At the 2008 Oscars, John Stewart claimed to be distracted by watching Lawrence of Arabia on his smartphone: “To appreciate the cinematography, you really have to see it in on wide screen.” At this, he tilted the cellphone horizontally. A Metro-sponsored series at the Pruneyard programmed by Jack NyBlom of San Jose’s Camera Cinemas seeks to bring back the grandeur of the epic film. The draw is sweetened with a special menu and the Pruneyard’s peerless cocktails.
Apocalypse Now (1976) the versionCopolla is claiming as a final cut, as opposed to the longer version that played the late lamented Century 21 dome in 2001plays Aug 23, 24 and 29. In any cut, the film is a grand and problematic epic, served up with Vietnamese cuisine for all three screenings. Martin Sheen is Willard, the standard poetic film noir detective type, a soldier sent by the brass to the jungle to terminate an officer who has gone rogue. As Colonel Kurtz, Marlon Brando’s performance mirrors the movie, which features the best and worst of ’70s filmmaking. Brando had gone Dadaist long before Apocalypse Now. Here his lunatic Kurtz slurs, “The only real freedom is freedom from the opinions of others, even freedom from the opinion of yourself”his acting summed up in one sentence. The truest moment in Apocalypse Now Redux is a beginning that could stir up the savage in any man: The Doors’ John Densmore’s hissing cymbals, the palm trees immolating silently as Jim Morrison intones, “This is the end,” until all disintegrates into sulfur-colored dust, stirred by the choppers circling like buzzards.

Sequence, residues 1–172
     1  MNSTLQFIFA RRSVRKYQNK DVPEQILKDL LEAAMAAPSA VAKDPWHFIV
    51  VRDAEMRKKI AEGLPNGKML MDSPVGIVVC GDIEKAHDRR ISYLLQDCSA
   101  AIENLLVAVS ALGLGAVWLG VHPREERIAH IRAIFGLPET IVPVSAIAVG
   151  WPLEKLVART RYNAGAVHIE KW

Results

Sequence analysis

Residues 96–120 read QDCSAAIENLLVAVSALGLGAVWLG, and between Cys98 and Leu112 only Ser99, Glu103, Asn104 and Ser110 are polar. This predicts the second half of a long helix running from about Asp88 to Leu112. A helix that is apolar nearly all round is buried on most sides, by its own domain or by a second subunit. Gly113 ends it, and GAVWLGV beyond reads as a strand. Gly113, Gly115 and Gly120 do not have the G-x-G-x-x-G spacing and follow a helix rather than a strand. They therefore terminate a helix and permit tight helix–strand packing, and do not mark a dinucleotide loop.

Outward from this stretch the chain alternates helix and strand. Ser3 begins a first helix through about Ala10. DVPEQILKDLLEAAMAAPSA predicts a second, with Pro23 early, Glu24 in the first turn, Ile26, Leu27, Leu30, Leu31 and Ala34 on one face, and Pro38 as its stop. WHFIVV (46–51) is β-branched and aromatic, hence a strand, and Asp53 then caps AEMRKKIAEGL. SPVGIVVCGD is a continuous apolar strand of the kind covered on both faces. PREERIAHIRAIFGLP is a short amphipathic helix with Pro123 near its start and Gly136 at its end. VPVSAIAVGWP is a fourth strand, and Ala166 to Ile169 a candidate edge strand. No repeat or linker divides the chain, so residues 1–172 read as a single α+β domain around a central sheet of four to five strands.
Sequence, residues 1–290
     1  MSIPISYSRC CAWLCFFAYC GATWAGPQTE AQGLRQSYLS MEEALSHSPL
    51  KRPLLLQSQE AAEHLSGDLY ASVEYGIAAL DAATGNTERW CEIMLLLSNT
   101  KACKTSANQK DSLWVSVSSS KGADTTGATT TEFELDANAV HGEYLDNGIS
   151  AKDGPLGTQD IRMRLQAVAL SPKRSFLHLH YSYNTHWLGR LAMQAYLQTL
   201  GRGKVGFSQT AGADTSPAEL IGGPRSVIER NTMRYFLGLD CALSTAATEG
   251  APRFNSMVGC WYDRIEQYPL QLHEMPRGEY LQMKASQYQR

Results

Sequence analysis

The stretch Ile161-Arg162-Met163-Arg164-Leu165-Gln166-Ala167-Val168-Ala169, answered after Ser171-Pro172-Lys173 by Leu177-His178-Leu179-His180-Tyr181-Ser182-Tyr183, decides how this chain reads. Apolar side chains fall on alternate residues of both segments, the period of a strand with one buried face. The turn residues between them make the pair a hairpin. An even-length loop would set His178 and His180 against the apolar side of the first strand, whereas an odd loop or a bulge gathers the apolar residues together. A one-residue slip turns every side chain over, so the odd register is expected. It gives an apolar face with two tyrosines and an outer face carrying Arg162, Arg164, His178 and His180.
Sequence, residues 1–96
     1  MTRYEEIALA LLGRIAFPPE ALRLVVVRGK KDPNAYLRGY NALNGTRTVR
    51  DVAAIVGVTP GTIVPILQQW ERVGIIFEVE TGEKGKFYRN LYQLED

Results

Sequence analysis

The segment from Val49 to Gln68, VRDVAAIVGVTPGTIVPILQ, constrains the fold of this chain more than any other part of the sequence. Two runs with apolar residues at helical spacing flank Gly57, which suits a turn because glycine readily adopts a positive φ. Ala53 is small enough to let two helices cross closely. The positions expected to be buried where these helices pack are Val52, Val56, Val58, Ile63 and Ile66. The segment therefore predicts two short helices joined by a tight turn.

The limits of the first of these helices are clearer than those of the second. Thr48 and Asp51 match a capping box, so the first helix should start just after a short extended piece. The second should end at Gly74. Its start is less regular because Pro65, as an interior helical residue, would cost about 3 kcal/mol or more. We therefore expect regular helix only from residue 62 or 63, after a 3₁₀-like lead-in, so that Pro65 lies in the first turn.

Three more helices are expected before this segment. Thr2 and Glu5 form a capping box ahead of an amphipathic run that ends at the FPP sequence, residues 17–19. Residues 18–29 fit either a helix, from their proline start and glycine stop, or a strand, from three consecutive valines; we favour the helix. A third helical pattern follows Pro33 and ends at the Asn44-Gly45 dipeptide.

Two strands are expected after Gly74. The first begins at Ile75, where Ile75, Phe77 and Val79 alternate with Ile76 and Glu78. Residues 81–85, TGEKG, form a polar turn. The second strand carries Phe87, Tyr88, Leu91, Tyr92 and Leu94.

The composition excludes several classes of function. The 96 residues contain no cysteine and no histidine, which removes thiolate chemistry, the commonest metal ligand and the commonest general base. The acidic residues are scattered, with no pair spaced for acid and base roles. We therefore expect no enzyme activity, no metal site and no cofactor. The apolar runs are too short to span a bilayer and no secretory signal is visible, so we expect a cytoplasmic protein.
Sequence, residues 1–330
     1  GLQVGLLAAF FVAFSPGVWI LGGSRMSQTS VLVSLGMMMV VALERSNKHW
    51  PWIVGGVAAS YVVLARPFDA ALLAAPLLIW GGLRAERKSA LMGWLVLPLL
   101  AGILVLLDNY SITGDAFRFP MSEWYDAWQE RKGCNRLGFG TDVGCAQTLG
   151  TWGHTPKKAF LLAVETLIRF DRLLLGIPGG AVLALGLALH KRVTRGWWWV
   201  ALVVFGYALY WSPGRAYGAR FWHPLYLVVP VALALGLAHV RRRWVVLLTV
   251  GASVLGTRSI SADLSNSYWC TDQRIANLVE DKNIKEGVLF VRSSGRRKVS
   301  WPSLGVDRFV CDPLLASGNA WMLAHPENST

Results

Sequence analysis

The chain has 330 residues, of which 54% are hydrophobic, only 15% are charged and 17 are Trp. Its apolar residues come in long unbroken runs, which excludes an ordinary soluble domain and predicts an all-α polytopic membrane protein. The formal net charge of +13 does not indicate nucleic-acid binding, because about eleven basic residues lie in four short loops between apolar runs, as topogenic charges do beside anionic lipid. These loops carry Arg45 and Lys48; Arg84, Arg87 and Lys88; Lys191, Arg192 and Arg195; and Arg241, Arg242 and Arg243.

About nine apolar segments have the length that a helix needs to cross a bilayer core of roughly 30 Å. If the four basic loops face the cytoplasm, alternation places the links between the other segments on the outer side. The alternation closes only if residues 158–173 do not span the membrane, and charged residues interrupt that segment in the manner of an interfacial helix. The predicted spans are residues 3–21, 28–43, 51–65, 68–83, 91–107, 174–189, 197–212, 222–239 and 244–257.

Another mad colonel is the subject of Lawrence of Arabia (1962) (Aug 24 and 29, and on the 27th with a prix fixe admission and dinner of chicken shawarma and hummus plate). David Lean’s epic defies the small screen, in its story of how the Brits carved up the Arab lands, thanks to the intelligence and daring of Colonel Lawrence (Peter O’Toole); I’ll be there to introduce it. Titanic (1997) plays Aug 25; enjoy, I’m not a fan. Much more like it is 1939’s Gone With the Wind (Aug 23 and 28 with an Aug 26 meal/show package including barbecue from Twelve Oaks BBQ). It’s color-coded: Scarlett meets Rhett (Red). It was a hit because of its allegorical North/South romance in the Civil War. Clark Gable’s Rhett may be from Charleston but he talks like he’s from Chicago, and Southern women ever since emulate Vivien Leigh’s vixen Scarlett: “A woman must have everything.” Everything, especially a large screen to play upon.
For more info, visit Pruneyard Cinemas’ website: pruneyardcinemas.com